Pasir Salak Historical Complex is a pleasant compound of traditional Malay buildings which together form a museum alongside the Perak River about 50 kilometres south of Ipoh.
The Complex was officially opened to the public in 2004. Everything seems peaceful now but it was not always so for it was here that the first British Resident of Perak, Mr. J.W.W. Birch was assassinated in 1875.
Under the Pangkor Treaty signed in 1874, Perak was established as a British Protectorate and an advisor was appointed to the Sultan of Perak. This British advisor or Resident assumed complete control of Perak in all matters except those involving customs and religion.
James Wheeler Woodford Birch, a career colonial servant whose last posting was Ceylon, was the man selected for the job. By some accounts, Birch was said to be impatient, arrogant and disrespectful of local customs such as refusing to remove his shoes when entering the palace of the Sultan.
Some say he spoke no Malay while other accounts from the time say that he did speak Malay. Perhaps as he was still fairly new to the country he was studying hard but not yet fluent.
Whatever his personal qualities it seems he had a difficult job to do and it was one that cost him his life.
He was travelling in the area and distributing proclamations defining the authority of the Resident under the terms of the Treaty.
I imagine it must have been hard for the local chiefs to accept some new foreigner coming along to say that he now runs the place. Most chiefs bowed to the inevitable but Datuk Maharajalela boasted to others that he would not allow the proclamations to be posted in his settlement, Pasir Salak. Some say that Datuk Maharajalela made money from the slave trade and it was Birch's intention to outlaw the practice. Whether it was this or just bravado on Maharajalela's part, he soon had to put his money where his mouth was when Birch arrived in the early hours of 2nd November 1875. He was received by Datuk Sagor and 50 armed warriors who told him that he had no right to post the proclamation (Maharajalela refused to see Birch).
While Birch picked this time to take a bath in a floating bath house in the river, he had his man, Mohd Ashad post the proclamation. Then all hell broke loose - Ashad was killed and Birch was speared to death through the mat walls of the bathhouse byPandak Indut, Siputum and others.
Whether or not it was heroic to murder an unarmed naked man in this way, it was brave in the sense that they must have known that retribution would be swift and severe. This act of resistance and others allows the Malaysians to justifiably claim that British colonisation did not go unopposed.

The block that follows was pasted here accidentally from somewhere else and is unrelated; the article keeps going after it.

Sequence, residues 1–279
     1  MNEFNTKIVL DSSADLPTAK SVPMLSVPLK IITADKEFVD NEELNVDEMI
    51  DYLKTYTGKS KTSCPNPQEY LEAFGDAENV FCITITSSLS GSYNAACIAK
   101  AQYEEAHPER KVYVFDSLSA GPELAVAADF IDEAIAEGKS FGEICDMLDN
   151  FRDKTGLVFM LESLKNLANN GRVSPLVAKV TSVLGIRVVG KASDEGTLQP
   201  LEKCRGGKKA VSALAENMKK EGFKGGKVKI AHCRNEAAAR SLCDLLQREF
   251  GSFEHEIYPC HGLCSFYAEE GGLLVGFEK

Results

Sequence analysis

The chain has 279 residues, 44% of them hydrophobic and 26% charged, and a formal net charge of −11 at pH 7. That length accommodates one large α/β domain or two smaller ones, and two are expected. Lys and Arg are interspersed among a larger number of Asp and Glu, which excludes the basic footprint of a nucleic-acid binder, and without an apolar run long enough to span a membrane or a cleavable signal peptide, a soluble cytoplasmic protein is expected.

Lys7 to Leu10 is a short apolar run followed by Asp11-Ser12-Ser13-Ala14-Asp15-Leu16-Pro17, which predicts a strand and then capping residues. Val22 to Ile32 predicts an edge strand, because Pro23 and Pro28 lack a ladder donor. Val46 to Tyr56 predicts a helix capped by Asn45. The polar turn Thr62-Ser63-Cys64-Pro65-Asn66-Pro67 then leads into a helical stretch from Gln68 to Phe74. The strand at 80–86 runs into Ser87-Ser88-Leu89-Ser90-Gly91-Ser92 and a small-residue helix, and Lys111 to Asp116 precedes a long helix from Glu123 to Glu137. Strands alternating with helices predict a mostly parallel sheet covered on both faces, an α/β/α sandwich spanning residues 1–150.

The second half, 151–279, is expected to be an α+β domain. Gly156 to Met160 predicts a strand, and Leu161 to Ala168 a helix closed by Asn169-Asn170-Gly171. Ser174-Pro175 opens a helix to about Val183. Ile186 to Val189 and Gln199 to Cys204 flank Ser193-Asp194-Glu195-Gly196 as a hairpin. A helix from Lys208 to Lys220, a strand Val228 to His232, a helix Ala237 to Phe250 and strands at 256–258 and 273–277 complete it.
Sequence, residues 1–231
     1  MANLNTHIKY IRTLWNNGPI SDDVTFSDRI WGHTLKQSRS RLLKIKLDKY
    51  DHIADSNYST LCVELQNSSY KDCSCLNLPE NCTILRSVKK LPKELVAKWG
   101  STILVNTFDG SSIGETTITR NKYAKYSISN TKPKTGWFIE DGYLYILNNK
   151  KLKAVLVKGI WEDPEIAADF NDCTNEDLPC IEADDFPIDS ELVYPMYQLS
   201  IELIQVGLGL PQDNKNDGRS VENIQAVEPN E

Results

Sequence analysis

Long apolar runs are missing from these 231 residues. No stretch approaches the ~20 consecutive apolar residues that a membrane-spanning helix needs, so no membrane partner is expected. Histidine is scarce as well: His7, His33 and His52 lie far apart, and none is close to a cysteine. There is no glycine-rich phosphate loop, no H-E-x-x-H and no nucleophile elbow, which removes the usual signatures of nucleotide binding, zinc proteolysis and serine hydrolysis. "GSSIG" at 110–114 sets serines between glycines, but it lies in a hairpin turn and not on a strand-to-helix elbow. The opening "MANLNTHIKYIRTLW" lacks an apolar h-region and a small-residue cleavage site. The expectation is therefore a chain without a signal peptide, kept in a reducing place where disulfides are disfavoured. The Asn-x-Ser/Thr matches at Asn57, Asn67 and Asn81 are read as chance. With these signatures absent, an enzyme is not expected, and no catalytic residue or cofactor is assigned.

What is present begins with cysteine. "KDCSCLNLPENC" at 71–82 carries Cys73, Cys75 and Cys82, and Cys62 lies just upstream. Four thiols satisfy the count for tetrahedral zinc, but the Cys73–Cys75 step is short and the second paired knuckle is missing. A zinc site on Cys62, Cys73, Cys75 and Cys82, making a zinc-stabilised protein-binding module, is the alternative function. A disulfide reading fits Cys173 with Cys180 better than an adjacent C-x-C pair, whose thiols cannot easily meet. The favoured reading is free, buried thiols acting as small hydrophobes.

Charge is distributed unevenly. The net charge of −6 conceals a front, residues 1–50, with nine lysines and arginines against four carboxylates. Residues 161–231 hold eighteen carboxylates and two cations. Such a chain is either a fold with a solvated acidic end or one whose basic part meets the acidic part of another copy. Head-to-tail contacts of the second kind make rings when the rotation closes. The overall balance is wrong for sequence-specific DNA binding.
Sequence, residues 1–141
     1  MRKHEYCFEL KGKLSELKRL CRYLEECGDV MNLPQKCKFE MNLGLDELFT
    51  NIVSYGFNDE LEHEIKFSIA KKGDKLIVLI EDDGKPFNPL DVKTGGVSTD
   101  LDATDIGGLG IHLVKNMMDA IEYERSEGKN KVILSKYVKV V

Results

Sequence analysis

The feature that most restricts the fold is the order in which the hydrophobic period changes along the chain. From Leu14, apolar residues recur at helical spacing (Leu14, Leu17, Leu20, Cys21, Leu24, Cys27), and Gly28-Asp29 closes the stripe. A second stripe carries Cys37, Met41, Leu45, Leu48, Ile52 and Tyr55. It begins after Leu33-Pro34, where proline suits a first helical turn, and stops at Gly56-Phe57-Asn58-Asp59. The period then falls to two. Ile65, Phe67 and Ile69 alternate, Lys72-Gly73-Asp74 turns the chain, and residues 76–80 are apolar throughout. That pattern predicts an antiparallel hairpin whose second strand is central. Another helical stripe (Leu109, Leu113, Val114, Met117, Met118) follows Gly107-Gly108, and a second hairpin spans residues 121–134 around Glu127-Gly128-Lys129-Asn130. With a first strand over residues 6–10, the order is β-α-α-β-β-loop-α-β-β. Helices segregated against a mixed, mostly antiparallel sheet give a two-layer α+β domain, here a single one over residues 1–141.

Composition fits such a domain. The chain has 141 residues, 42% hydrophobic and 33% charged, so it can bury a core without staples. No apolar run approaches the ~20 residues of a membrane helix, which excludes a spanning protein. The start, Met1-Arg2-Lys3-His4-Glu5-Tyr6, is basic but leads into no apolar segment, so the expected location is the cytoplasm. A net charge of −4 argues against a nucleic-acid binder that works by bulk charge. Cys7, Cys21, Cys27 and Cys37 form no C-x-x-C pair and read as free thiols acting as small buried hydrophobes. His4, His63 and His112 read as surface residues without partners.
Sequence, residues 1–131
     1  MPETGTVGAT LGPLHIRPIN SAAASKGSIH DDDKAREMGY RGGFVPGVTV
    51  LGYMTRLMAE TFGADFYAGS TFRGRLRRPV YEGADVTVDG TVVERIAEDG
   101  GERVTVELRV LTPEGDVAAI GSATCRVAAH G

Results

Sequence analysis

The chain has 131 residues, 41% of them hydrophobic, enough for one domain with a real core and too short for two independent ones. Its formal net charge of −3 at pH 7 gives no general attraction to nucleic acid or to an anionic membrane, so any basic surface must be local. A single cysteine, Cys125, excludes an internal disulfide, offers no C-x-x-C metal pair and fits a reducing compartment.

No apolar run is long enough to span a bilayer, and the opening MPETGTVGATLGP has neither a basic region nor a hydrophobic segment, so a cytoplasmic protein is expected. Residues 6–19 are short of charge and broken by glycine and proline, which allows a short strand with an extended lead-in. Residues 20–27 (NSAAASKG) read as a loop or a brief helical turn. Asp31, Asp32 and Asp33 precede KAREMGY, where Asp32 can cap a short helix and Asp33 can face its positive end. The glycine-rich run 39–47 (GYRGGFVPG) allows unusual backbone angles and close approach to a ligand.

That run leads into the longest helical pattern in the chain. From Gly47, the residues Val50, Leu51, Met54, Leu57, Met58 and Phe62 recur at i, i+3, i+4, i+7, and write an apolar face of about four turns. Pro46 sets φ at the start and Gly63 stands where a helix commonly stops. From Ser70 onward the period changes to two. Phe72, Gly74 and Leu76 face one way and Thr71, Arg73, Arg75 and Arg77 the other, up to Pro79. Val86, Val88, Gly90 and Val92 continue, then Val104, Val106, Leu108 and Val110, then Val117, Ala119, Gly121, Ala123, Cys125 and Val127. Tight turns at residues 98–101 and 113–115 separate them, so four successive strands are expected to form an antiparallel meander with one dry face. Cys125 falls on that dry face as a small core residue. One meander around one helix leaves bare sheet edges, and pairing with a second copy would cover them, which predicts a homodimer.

Three days later on 5th November 1875 (bonfire night), the British launched a punitive raid against Pasir Salak and the mosque was one of the buildings burnt down.
In the days and weeks that followed, the perpetrators of the assassination, including Datuk Maharajalela, were rounded up, tried and hanged. The Sultan of Perak, Sultan Abdullah was deposed and exiled to the Seychelles (not a bad place if you have to be exiled - I wonder if any of his descendants are still there).
Birch's death sparked a small war and greatly accelerated Britain's control over the state.
With Birch avenged, Queen Victoria bestowed a Civil List pension of £75 a year on his three children and the eldest, PCJW Birch, was given a job in the colonial service and went on to become the 4th British Resident of Perak with much more success than his father.
The Historical Time Tunnel
The main attraction at Pasir Salak Historical Complex is the Time Tunnel. This is a traditional Malay building with a series of dioramas inside arranged in chronological order, depicting the main flash points and important events in the history of the Malays and Malaysia beginning with the early settlement of Kuala Selingsing in 200BC.
The dioramas are interesting and nicely made. I feel that the tone of the commentary is rather anti-British but I suppose that is not surprising in a museum which is intended to rouse the spirit of nationalism and pays tribute to those involved in the struggle for independence. Luckily we Brits are not over sensitive when it comes to these matters!
This building also includes a large collection of krises.
Other attractions at the complex include a watch tower, Belotah (harvest dance) stage, the Lela Rentaka (a type of cannon used by the Malays), traditional Perak houses called Rumah Kutai and a wooden mosque built in 1964 on the site of the old one which was burned down.
There is also a monument stone erected around 1900 close to the spot where Birch was killed 'in the performance of his duty'.
I have marked the place on the map on the main Top Perak Attractions page. Coming from the Ipoh direction, highway A15 from Batu Gajah takes you most of the way. You will see plenty of signposts for Pasir Salak Historical Complex (Kompleks Sejarah Pasir Salak). The final few kilometres takes you in a roundabout direction because you have to cross the Perak River and there are not many bridges in this vicinity.
Saturday - Thursday 9:30am - 5pm
Friday 9:30am 12:15p/2:25pm - 5pm
Adult Admission is RM4
Pasir Salak Historical Complex was almost deserted when I went on a Saturday afternoon which is a shame because a lot of effort has gone into creating this attraction.
If you want to stay longer in this area, the Pasir Salak Resort Hotel is right next door to the complex. It offers chalet style accommodation at reasonable prices in a scenic riverside setting.